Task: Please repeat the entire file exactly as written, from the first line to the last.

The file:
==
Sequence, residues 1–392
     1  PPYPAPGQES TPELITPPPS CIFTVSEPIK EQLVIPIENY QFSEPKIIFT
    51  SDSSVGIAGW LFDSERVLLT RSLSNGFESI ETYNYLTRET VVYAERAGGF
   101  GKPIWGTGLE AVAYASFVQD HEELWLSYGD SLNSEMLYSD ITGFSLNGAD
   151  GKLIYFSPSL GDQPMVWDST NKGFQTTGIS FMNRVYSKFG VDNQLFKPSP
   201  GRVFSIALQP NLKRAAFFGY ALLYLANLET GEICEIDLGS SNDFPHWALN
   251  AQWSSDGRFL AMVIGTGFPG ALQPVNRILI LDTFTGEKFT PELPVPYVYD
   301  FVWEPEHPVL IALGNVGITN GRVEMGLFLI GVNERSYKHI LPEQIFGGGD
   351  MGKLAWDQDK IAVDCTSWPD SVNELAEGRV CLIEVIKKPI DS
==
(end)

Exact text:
Sequence, residues 1–392
     1  PPYPAPGQES TPELITPPPS CIFTVSEPIK EQLVIPIENY QFSEPKIIFT
    51  SDSSVGIAGW LFDSERVLLT RSLSNGFESI ETYNYLTRET VVYAERAGGF
   101  GKPIWGTGLE AVAYASFVQD HEELWLSYGD SLNSEMLYSD ITGFSLNGAD
   151  GKLIYFSPSL GDQPMVWDST NKGFQTTGIS FMNRVYSKFG VDNQLFKPSP
   201  GRVFSIALQP NLKRAAFFGY ALLYLANLET GEICEIDLGS SNDFPHWALN
   251  AQWSSDGRFL AMVIGTGFPG ALQPVNRILI LDTFTGEKFT PELPVPYVYD
   301  FVWEPEHPVL IALGNVGITN GRVEMGLFLI GVNERSYKHI LPEQIFGGGD
   351  MGKLAWDQDK IAVDCTSWPD SVNELAEGRV CLIEVIKKPI DS